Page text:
How to Manage an OSHA 300 Log and Summary Report for Documenting Injuries and Illnesses

How to Manage an OSHA 300 Log and Summary Report for Documenting Injuries and Illnesses PowerPoint PPT Presentation


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New Rule on Federal Agency Recordkeeping and Reporting Requirements. The Occupational Safety and Health Administration (OSHA) requires federal government agencies to adopt worker safety and health recordkeeping and reporting requirements that are essentially identical to the private sector. The

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How to Manage an OSHA 300 Log and Summary Report for Documenting Injuries and Illnesses

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1. How to Manage an OSHA 300 Log and Summary Report for Documenting Injuries and Illnesses Developed by: Ronnie Aldridge & Jonathan Roberts

2. New Rule on Federal Agency Recordkeeping and Reporting Requirements The Occupational Safety and Health Administration (OSHA) requires federal government agencies to adopt worker safety and health recordkeeping and reporting requirements that are essentially identical to the private sector. The new requirements will go into effect beginning Jan. 1, 2005. These new requirements will improve recordkeeping which will enhance the ability of federal agencies and employees to prevent occupational injuries and illnesses. Producing more useful data will better enable the agencies to identify patterns of injuries and illnesses and focus on the most effective intervention.

3. Current OSHA Requirement OSHA 29CFR1904 requires each organization to maintain (minimum of five years) a log of injuries/illnesses and to post a summary report every year (between February 1st and April 30th).

4. Forms you will need… You will need a blank OSHA 300 Log Form… http://www.osha.gov/recordkeeping/new-osha300form1-1-04.pdf

6. OSHA 300 Step-by-Step Case number: Can be assigned locally at each site. Employee’s Name: Self-explanatory Job Title: Self-explanatory Date of Injury or onset of illness (Mo./Day/Year): Self-explanatory Where the event occurred: List location of incident. Describe injury or illness to include what caused injury and body part affected: To include a general narrative of events. Deaths: Check box if incident involves death of employee. Days away from work: Check box if incident involves missed workdays for involved employee. Job Transfer or Restriction: Check box if injured or ill employee is temporarily transferred or placed on limited duties. Other recordable cases: Check box if incident is other recordable case than death, lost time, transfer or restriction (limited duty).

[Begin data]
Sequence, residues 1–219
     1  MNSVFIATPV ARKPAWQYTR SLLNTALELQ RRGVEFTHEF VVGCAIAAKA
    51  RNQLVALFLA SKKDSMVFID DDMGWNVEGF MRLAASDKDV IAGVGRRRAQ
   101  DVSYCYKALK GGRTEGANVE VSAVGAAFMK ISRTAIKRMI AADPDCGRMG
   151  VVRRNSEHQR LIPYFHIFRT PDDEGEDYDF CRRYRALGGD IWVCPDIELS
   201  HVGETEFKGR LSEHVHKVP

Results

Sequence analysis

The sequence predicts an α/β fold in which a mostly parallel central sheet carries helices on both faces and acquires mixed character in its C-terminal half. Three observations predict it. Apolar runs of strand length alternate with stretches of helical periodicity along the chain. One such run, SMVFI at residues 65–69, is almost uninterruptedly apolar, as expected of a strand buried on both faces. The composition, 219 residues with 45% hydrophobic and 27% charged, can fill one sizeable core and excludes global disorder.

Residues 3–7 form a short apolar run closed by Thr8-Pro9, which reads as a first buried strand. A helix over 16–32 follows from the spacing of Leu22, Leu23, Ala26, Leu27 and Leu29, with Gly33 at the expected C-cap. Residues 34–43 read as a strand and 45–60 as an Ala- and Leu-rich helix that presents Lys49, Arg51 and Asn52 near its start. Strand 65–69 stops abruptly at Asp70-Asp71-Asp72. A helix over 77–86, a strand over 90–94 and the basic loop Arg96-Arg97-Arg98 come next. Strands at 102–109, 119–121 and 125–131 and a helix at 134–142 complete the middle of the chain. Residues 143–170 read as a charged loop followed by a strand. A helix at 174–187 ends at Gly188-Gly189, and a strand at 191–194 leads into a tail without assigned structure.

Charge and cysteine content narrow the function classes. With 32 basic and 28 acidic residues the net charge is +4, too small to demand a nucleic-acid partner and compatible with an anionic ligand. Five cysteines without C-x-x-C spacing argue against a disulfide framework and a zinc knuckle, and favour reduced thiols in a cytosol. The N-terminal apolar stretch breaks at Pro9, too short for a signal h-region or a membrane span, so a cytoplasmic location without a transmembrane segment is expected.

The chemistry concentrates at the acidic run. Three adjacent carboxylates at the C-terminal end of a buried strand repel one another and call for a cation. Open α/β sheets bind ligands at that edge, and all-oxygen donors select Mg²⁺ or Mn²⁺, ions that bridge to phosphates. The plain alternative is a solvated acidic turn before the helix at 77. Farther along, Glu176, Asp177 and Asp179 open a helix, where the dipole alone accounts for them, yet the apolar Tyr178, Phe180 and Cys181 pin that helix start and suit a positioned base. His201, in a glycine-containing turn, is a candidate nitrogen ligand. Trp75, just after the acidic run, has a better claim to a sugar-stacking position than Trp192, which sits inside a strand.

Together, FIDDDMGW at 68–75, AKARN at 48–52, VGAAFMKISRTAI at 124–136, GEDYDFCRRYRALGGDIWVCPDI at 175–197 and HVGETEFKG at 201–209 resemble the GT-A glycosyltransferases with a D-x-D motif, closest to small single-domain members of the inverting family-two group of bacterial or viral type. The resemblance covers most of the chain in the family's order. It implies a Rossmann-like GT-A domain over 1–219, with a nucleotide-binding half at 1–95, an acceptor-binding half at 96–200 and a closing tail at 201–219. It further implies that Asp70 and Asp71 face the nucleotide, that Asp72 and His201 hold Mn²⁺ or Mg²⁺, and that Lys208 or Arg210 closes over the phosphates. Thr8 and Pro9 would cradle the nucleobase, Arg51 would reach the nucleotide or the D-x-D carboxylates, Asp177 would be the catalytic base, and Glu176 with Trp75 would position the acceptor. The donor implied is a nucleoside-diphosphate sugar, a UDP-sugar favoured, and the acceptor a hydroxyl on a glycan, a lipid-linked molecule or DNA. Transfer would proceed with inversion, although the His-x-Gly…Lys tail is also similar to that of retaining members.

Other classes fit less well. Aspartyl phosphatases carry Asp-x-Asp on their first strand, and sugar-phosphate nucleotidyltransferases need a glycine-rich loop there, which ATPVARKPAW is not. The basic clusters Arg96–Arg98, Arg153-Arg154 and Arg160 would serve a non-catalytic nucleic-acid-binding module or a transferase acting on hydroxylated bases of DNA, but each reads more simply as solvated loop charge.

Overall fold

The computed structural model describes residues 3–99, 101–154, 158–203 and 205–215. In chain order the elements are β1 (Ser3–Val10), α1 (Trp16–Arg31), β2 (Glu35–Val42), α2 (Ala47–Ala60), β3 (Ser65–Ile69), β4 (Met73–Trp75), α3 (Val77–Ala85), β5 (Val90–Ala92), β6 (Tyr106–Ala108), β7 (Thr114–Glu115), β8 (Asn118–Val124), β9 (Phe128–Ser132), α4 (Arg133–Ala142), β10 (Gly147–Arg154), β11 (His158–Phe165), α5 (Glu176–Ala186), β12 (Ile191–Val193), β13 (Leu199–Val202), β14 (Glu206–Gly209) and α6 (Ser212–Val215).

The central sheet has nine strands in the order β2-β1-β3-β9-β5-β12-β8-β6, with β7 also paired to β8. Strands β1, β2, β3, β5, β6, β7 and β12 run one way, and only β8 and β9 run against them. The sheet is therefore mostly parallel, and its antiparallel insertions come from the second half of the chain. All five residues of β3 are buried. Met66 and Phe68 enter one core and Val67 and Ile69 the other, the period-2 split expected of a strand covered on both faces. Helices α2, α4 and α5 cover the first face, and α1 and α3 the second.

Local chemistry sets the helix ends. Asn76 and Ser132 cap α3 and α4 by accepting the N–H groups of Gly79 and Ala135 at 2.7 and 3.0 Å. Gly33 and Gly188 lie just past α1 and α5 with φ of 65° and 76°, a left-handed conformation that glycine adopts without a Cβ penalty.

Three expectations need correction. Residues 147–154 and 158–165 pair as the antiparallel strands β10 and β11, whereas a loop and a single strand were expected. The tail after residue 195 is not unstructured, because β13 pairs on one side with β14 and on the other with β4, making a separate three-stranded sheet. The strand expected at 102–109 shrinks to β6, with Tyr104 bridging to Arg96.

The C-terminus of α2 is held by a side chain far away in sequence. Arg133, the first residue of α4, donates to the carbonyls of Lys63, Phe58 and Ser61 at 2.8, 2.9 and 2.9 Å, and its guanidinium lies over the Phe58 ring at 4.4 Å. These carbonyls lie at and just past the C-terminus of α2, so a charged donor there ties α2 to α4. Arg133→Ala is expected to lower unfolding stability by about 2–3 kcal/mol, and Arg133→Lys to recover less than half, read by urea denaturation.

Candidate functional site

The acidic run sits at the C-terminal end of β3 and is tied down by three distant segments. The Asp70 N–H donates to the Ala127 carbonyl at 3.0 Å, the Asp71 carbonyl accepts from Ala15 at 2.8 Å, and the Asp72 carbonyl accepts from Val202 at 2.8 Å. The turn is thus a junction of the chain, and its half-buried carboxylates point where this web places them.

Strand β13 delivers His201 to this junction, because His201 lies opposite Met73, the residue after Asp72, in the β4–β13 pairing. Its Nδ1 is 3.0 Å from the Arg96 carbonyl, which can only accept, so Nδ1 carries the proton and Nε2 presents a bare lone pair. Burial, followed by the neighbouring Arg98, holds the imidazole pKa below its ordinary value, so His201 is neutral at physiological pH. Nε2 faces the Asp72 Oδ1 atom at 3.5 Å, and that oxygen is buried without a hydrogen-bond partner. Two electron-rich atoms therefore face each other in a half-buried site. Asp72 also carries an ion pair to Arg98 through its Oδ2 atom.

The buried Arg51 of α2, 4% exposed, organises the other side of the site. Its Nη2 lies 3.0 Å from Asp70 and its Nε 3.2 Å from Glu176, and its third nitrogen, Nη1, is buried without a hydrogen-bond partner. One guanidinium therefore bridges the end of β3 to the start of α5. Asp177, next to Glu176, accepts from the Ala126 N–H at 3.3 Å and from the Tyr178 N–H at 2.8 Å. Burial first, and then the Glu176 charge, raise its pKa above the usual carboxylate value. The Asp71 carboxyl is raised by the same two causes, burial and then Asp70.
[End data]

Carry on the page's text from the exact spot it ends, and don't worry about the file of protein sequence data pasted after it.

7. OSHA 300 Step-by-Step (cont’d) Away from Work: Enter the number of days the injured or ill employee was away from work. Do not count the day on which the injury or illness occurred in this number. Begin counting from the day after the incident occurs. On the Job Transfers or Restrictions: Enter the number of days the injured or ill employee was on job transfer or limited duty. Other recordable Cases: Check the “Injury” or choose one type of illness: (1) Injuries (2) Skin Disorders (3) Respiratory Condition (4) Poisoning (5) All other illnesses

8. OSHA 300A Summary Report Total number of deaths: Transfer totals from 300 Log Total number of cases with days away from work: Transfer totals from 300 Log. Total number of cases with job transfer or restrictions: Transfer totals from 300 Log. Total number of recordable cases: Transfer totals from 300 Log. Total number of days of job transfer or restriction: Transfer totals from 300 Log. Total number of days away from work: Transfer totals from 300 Log. Total number of: (1) Injuries (4) Poisoning (2) Skin Disorders (5) All other (3) Respiratory illnesses Transfer totals from 300 Log.

9. OSHA 300A (cont’d) Establishment Information Name: DOC Facility Street: Your local street address City: Self-explanatory State: Self-explanatory Zip Code: Self-explanatory Industry Description: What type of work do you accomplish. Standard Industrial Classification Code (SIC): Employment Information Annual average number of employees: Total of employees who work at your site. Total hours worked by all employees last year: Full time and part time hours included.

10. OSHA 300A (cont’d) Signature: Signature of person filling out the form (safety rep, admin assistant, etc…) Certification Signature: Signature of designated responsible authority (Site Manager, MIC, Director, etc…)

11. What’s Next? Now that you’ve completed your 300 Log and 300A Summary Report you need to: Post your 300A Summary Report on your safety board no later than February 1st through April 30th of the year following the year covered by the form. File your 300 Log and retain logs for a minimum of five (5) years on site. Start a new log for the coming year and repeat this process at the end of the year.

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